Social Problems 6th Edition by John Macionis Ch. 1 studying soc. problems

What is the systematic study of human societies?
sociological imagination
a point of view that highlights how society affects the experiences we have and the choices we make. C Wright Mills used this.
a way of life including wide spread values, beliefs, and behavior(what people do everyday)
people who live within some territory and share many patterns of behavior
Benefits of learning about sociology and using the sociological imagination.
Learning about sociology and using the sociological imagination gives us power to make change. Many personal troubles people face are social issues. It helps see truths and encourages us to play a part in shaping our nation. Using the sociological imagination transforms personal troubles into social issues by showing these issues affect countless people like us. Joining with others, we can improve our lives and break free of traps as we set out to change a society.
social problems
a condition that undermines the well being of some or all members of society. Usually public controversy. Social problems vary over time.
social constructionist approach
social problems arise as people define conditions undesirable or in need of change.
claims making
process of convincing the public that a particular issue should be defined as a social problem. Ex. (MADD)
Social movement
organizers effort at claims making that tries to shape the way people think about an issue to encourage/discourage change.
4 Stages of social movements
Emergence: initial claim
Coalescence: claim publicized
Formalization: recognized as political debate.
Decline: public interest declines.
8 assertions of social problems problems result from ways our society operates.
2. not caused by bad people.
3. socially constructed as people define a condition as harmfuland in need of change.
4. people see problems differently.
5. problems vary over time
6. social problems are interrrelated.
statement of how/why specific facts are related.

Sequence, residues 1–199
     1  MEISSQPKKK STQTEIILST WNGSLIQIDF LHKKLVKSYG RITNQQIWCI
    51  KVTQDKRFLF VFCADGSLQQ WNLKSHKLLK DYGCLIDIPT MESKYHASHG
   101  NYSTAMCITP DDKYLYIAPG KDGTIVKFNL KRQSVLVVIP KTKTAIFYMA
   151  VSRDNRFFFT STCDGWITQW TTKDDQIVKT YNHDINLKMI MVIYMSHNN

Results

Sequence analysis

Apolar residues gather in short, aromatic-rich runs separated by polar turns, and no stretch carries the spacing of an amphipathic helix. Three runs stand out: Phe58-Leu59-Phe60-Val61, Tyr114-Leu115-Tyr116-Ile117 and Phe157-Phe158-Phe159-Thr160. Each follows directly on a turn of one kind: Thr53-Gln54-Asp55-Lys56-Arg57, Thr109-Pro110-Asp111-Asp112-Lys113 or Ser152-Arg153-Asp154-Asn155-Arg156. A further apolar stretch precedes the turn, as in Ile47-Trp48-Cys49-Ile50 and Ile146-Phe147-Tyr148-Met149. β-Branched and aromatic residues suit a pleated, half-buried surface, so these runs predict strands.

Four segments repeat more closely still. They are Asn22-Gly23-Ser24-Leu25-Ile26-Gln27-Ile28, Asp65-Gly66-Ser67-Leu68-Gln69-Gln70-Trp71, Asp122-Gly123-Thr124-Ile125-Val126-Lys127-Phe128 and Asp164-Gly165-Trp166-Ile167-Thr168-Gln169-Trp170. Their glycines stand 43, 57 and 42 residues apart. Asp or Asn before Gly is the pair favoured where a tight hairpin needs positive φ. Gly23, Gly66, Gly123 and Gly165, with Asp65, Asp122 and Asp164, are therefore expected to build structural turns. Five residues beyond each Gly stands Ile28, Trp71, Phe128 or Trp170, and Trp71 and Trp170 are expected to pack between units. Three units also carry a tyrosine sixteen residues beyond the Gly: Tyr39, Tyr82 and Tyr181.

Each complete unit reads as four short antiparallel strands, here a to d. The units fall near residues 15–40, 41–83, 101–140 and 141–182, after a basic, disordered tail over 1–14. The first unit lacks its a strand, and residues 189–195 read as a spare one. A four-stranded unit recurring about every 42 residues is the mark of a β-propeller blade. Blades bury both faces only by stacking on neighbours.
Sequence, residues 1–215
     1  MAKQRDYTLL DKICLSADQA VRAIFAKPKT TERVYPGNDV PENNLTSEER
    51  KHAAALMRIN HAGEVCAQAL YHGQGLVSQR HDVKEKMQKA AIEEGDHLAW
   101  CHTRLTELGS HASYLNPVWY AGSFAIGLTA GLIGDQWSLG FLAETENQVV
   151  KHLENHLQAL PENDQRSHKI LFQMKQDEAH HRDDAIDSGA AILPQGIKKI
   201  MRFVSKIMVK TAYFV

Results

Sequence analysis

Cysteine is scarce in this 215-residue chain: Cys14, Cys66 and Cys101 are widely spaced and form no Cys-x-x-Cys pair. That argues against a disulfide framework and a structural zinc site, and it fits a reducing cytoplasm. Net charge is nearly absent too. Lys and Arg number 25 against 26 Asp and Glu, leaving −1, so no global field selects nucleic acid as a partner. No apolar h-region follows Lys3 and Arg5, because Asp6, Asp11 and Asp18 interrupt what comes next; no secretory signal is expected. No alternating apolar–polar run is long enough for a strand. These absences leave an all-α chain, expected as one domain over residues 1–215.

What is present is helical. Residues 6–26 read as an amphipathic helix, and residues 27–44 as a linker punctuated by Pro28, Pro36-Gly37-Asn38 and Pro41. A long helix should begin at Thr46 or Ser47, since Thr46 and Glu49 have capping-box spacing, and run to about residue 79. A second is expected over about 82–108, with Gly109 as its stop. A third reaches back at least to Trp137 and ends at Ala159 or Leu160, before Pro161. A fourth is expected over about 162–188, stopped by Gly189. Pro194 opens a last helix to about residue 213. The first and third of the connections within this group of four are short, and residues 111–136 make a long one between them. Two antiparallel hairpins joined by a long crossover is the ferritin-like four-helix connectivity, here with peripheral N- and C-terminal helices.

Theoretical approach
a basic image of society that guides thinking and research.
intended , intentional to improve
unintended, derailed by pregnancy, poor health, military,
Structural function approach
theoretical framework that sees society as a system of many interrrelated parts. every part needs to work together to function
social institutions
main part of this system is tonmeet basic human needs. education, family, religion.
structural functionist theorists
august comte
emile durkheim
herbert spencer
social conflict approach
sees society as divided by inequality and conflict. society divided into have and have nots. socially marginalized things against them. ex: women, poor, elderly, minority’s
social conflict theorists
karl marx,
e b dubois
harriet martineau
jane adams
social conflict approach
Marxism: problems and class conflict. capitalist and proletarians (working class)
problems of racial and ethnic inequality
a political movement that seeks social equality of women and men.
gender conflict theory
explains social problems in terms of mens dominance over women.
symbolic interaction approach
theoretical sees society as the product of individuals interacting with one another.
observe, imitate, pos/neg reinforcement.
labeling theory
primary, secondary, stigma negative label
symbolic interactionist theorist
george herbert mead
max weber
social policy
formal strategies to affect how society operates. if its legal we are more accepting or tolerant.
policy and culture
social policy tends to be shaped by exsisting cultural values.
seek to limit the scope on societal change. focus is on shortcomings of individuals not society.
favor sweeping change in society. see problems in the organization of society.
support policies thst go beyond reform
political spectrum
continuum representing a range of political attitudes.
social issues
political debates involving moral judgments about how people should live.
economic issues
political debates about how a society should distribute material resources.